This year is different. We all feel the tension between it and our holiday celebrations. That’s what this spoken word poem is about:Continue reading The night before Christmas 2020 (a spoken word poem)
This poem is inspired by Psalm 146 and by the year 2020:
Do not put your trust in princes
Do not hang your hopes on them
Their power and their prominence
Will soon come to an end
They will promise you security
(They always have a plan)
But if they save the future
It will soon need it again Continue reading Do Not Put Your Trust In Princes (A Poem)
My son had worked for an hour, building a sandcastle on a stone in the middle of a tide pool, complete with a bridge and a small village on the shore. He even gave it a tourist attraction, “The Giant’s Footprint”, which made the village famous, prosperous, and secure.
…but not very.
The tide was rising. We could see it closing in, but we thought we still had time before it got to the village. Irish beaches can be surprising, though – the sand can look level as it stretches on and on, but when the water comes up it follows subtle hills and valleys that the eyes hadn’t recognised. One of these small rises had been protecting my son’s tide pool kingdom without us realising it. When the water came over, it came fast.Continue reading The Tide Came In Faster Than We Expected
The anthem of children in the back seats of cars is echoing in my head: Are we there yet?
Where’s the finish line for this global emergency? How far away is it? When will we be able to see our friends again? How long can we keep the world switched off and still expect it to work properly when we switch it back on?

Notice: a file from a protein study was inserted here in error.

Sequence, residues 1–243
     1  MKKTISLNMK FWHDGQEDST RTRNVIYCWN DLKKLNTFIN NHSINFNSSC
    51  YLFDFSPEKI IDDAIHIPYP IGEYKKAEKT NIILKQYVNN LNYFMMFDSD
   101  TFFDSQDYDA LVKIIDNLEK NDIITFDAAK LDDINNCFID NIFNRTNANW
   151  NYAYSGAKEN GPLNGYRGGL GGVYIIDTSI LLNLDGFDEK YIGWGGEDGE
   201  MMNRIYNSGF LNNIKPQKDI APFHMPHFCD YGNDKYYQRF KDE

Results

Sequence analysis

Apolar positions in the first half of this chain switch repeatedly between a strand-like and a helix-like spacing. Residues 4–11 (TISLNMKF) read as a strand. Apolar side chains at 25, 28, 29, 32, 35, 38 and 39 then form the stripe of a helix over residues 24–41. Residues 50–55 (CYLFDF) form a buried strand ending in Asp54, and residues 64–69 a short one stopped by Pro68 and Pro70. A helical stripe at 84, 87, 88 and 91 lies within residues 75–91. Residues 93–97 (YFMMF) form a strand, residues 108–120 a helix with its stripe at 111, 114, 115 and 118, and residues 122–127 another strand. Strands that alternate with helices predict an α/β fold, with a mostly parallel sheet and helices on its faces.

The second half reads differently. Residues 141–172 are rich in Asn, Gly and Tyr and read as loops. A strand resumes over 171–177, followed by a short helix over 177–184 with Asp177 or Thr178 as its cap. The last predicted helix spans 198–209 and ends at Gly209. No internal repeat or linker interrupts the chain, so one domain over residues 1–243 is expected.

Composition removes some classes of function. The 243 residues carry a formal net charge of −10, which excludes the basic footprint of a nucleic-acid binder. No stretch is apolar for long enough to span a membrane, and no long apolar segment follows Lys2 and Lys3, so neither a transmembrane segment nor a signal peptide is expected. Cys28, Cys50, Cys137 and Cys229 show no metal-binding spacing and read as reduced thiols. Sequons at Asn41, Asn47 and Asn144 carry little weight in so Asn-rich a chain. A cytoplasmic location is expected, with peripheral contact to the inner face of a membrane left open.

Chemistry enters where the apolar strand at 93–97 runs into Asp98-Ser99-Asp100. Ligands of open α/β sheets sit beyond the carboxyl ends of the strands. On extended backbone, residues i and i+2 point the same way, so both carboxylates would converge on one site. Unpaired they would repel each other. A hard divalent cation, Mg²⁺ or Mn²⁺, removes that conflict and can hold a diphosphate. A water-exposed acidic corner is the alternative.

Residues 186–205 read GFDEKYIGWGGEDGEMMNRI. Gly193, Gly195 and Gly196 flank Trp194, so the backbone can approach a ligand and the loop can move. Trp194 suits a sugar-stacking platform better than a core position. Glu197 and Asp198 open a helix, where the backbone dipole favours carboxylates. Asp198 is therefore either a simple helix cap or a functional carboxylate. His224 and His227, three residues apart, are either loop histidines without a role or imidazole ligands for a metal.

Are we there yet..?Continue reading Are We There Yet?
When my days here on Earth have come to an end
I want to go out like an Autumn leaf
Not like a flower, that gradually drops
Not like a tree, that inwardly rots
I want to go brighter than ever
As weakness takes hold, let glory shine through
And when strength finally fails, and falls to the ground
Let it fall on the promise of Spring
It’s taking too long. That’s how I know my world is crumbling. The midwife can’t find what she’s looking for. She keeps trying, but every new effort is the ringing of steeple bells tolling a funeral. Not a formal, prepared, eulogised, dressed-in-black funeral. No, this is an impromptu affair, with no time to think, and no black shoes to look at as I stare at the floor. But I can’t just stare at the floor, people are talking to me. I have to concentrate to keep looking at them. I have to focus. It’s not their fault. They’re trying to help. I need to be polite and listen. What about my wife? She must be feeling the same as me. No, she must be feeling worse. After all, Hannah is still inside her. Hannah who we weren’t even sure was a girl (but we knew). Hannah who was a world of new life and dreams. Hannah who we have the little dress waiting for at home in a room right across the hall so we can hear her if she cries…
“Sorry for your troubles”, they said, one by one, to the smiling lady who offered each one of them a cup of tea. But through her smile, her words were desperate: “To lose one son was bad enough, but at least we knew that was an accident…”
The second son was lying in the front room, pale and cold. The coffin was padded, unlike the rocks where he’d been found at the bottom of a cliff. There was no note. No reason. No signs and signals, even after every memory of every person was turned over in the search. There was just this pale face in the front room, this politely smiling mother, and these cups of tea. Continue reading A Hand In The Dark